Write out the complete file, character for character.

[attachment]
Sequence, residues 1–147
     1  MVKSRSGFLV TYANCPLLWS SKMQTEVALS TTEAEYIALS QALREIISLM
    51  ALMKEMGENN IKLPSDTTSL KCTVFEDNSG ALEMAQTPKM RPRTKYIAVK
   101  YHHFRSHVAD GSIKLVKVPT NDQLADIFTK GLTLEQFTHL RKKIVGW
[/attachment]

Sequence, residues 1–147
     1  MVKSRSGFLV TYANCPLLWS SKMQTEVALS TTEAEYIALS QALREIISLM
    51  ALMKEMGENN IKLPSDTTSL KCTVFEDNSG ALEMAQTPKM RPRTKYIAVK
   101  YHHFRSHVAD GSIKLVKVPT NDQLADIFTK GLTLEQFTHL RKKIVGW